Similar to the airlines, you must re-earn your hotel status annually to reap the benefits. If you are just a few nights shy of earning that next level of status, it might be worth finding a hotel for a staycation or even do a mattress run. If you need more nights, but don’t want to burn through cash, remember that award stays count toward status in many programs.

Getting to that next hotel status level is much easier to do versus airline status. Just find a cheap hotel near your hometown, check in and you should be good to go. With school break right around the corner, this could even be a great opportunity to do something fun over the holidays — find a hotel with a pool or in a fun location and enjoy some family time.

Just one more night away from earning World of Hyatt Globalist status…

Many programs allow you to earn points towards status with their co-branded credit card so that is another option. For example, the World of Hyatt Credit Card earns you two qualifying nights towards status with every $5,000 spent on the card. Also, the Marriott Bonvoy Brilliant™ American Express® Card will grant you automatic Platinum Marriott Bonvoy status after spending $75,000 on the card within the cardmember year. That may not help you this year, but is something to keep in mind next year.

If earning status is hard for you, remember that many credit cards will extend automatic status simply for being a cardmember. For example, if you have the Hilton Honors American Express Aspire Card, you’ll automatically receive top-tier Hilton Diamond status — no need to “earn” status ever again.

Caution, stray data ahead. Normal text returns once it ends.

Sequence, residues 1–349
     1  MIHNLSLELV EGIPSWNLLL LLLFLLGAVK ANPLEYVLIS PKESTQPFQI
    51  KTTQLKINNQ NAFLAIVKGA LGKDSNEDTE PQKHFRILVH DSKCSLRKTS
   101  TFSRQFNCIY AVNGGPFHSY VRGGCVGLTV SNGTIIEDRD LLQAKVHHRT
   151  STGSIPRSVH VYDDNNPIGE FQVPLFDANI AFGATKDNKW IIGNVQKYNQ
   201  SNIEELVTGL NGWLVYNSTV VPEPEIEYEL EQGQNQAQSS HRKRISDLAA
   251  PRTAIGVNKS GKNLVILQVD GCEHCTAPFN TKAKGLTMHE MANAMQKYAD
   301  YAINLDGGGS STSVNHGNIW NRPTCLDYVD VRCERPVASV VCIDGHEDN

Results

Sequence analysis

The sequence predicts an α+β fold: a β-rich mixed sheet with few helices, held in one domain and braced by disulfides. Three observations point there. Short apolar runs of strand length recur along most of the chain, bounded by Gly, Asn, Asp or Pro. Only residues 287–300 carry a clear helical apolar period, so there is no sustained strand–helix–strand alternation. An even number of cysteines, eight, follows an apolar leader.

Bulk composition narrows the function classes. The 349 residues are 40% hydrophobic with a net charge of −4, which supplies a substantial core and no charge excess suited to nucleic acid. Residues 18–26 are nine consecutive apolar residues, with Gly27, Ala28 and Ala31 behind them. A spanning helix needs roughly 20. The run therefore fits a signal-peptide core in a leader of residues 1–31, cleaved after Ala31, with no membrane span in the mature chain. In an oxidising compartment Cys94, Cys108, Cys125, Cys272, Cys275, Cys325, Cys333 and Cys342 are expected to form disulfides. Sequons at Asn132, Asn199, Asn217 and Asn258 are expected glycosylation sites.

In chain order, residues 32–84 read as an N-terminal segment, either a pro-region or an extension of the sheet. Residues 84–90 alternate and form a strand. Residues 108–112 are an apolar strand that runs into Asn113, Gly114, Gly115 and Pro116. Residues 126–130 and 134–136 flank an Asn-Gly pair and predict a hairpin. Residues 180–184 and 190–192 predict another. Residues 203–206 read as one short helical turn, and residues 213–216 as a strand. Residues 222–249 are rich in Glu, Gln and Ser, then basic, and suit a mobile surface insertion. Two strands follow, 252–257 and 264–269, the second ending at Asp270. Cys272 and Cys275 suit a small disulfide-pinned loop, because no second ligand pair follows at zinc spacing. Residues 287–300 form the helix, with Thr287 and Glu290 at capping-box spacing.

Related: 7 reasons to get the Hilton Aspire credit card

Use your annual airline incidental/travel credits

Many credit cards offer sweet benefits to help offset the annual cost of the card. One of my favorites is airline incidental/travel credits. If you have any premium travel credit cards, you’ll want to ensure all available credits have been redeemed — and if not, get to spending.

(Photo by Katie Genter/The Points Guy)
Use credits to treat yourself to lounge access prior to your flight. (Photo by Katie Genter/The Points Guy)

Here are some cards that offer annual travel credits:

  • Chase Sapphire Reserve: Cardmembers receive a $300 annual travel credit. For those who opened their card prior to May 31, 2017, the credits are based on the calendar year (afterward, it is based on the cardmember year). You’ll need to make sure these credits are spent by your December 2019 statement close date. Note: Travel credits include anything that falls into the “travel” category on your monthly statements.
  • Citi Prestige® Card: Cardmembers receive an up to $250 annual travel credit that can be used on anything travel-related, such as flights, hotels and train rides. The yearly credits must be used by your December statement close date, not the last day of the year.